The Sorrys: Sorrys and Bird Dogs are very often one and the same, given their love for being in close proximity to any action that happens to be taking place.  One Bird Dog gets a little too close and instantly becomes a Sorry Bird Dog.  The Sorrys that keep a respectable distance are the ones that probably should have paid attention in casting class.  He winds up, he rears back, and he hurls that 4 ounce spider weight!....45 degrees to the left of where that cast should have gone, right across your line, causing a godawful tangled mess!   "Sorry, gosh, I'm so sorry! Boy it's sure windy out here." he says over the 1 foot swells and through the howling winds that are probably topping the charts somewheres around 5mph. And if you think that's bad, wait til one of the Sorrys hooks a fish.  Up the jetty he goes, over lines and under lines, breaking rod tips, kicking over bait buckets, and otherwise causing all kinds of minor catastrophes.  But wait, now that red is making a run back to the beach.  And here comes the Sorry making his way back down to break those rods that he forgot to on the way up. As my dear friend, Lieutenant Shiddy Britches would say, "There's nothin' more worthless than a Sorry Bird Dog."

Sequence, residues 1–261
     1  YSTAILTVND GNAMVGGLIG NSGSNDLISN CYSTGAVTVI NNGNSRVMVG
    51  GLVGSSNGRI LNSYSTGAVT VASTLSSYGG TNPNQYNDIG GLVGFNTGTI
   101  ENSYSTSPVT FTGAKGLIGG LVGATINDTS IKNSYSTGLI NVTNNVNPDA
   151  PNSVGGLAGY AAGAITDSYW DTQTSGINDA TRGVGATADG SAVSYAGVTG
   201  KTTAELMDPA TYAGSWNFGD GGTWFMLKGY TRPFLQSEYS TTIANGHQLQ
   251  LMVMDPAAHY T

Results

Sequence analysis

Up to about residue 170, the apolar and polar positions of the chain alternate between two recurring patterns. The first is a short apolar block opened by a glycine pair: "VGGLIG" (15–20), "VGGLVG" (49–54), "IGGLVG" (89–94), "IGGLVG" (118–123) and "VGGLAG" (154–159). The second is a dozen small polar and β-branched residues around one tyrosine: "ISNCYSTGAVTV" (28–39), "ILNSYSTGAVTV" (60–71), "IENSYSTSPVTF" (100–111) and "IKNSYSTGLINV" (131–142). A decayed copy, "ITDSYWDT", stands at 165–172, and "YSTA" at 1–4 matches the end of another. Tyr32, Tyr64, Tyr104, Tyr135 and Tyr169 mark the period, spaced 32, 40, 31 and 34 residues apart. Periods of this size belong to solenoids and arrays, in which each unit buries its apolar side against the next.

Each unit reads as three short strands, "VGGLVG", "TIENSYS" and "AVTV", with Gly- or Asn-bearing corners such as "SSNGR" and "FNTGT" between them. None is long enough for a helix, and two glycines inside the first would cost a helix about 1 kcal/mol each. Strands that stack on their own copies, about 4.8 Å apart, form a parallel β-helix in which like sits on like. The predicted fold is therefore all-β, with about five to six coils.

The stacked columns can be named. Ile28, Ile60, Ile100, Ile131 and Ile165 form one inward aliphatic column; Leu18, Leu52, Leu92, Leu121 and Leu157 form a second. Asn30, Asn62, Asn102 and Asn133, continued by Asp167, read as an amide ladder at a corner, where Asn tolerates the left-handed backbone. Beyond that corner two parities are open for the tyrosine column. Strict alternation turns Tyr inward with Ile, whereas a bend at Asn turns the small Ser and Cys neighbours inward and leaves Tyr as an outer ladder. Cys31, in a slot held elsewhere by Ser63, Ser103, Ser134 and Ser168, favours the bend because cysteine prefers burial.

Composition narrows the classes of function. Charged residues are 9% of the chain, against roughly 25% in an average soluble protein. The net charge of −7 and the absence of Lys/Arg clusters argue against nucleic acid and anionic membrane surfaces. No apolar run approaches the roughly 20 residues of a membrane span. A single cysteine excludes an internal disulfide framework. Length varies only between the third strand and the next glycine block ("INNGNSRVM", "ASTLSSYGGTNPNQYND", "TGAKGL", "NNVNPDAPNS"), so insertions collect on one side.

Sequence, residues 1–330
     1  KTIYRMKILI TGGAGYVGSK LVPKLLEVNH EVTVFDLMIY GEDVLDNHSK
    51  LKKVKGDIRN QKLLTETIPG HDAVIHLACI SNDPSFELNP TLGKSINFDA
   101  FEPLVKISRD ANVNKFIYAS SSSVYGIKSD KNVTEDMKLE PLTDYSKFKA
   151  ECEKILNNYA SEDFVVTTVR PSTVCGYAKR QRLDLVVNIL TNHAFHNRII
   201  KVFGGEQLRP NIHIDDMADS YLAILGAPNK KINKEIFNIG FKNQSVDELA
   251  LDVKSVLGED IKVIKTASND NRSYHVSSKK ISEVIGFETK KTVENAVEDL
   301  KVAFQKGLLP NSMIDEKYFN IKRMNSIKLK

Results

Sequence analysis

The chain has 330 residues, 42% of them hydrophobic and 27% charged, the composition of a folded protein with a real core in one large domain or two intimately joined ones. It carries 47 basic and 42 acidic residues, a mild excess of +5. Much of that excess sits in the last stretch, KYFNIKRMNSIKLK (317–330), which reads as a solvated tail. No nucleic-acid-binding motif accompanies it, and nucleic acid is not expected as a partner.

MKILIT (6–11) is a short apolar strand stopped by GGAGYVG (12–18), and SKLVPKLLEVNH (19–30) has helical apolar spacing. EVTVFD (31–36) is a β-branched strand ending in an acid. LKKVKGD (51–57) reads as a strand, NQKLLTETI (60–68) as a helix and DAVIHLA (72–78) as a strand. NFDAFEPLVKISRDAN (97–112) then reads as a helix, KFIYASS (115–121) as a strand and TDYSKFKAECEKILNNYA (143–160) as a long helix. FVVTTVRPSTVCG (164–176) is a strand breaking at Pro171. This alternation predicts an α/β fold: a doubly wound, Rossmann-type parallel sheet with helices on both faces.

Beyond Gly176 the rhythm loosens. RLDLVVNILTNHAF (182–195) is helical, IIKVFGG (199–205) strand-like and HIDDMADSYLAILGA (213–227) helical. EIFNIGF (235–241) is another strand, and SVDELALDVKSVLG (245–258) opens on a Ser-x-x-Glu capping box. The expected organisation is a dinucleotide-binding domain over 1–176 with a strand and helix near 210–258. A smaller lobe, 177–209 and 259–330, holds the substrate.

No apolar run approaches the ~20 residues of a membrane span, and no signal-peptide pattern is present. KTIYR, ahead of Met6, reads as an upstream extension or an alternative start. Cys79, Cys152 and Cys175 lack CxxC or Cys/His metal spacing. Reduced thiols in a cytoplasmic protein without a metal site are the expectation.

Except for our next subject...what I like to call, the Indaboxes.

Stay tuned for the next Shiddy installment of Rock People.

Oh yeah, and if any of you ever come across this guy....I've got no name for this type of  Rock Person yet...

Stay Shiddy my friends.

Friday, June 7, 2013

Here kitty kitty kitty kitty OW!! F*&#!!!

Who is the dumbass that first decided to go noodling?  And who's the other dumbass that decided to call it noodling?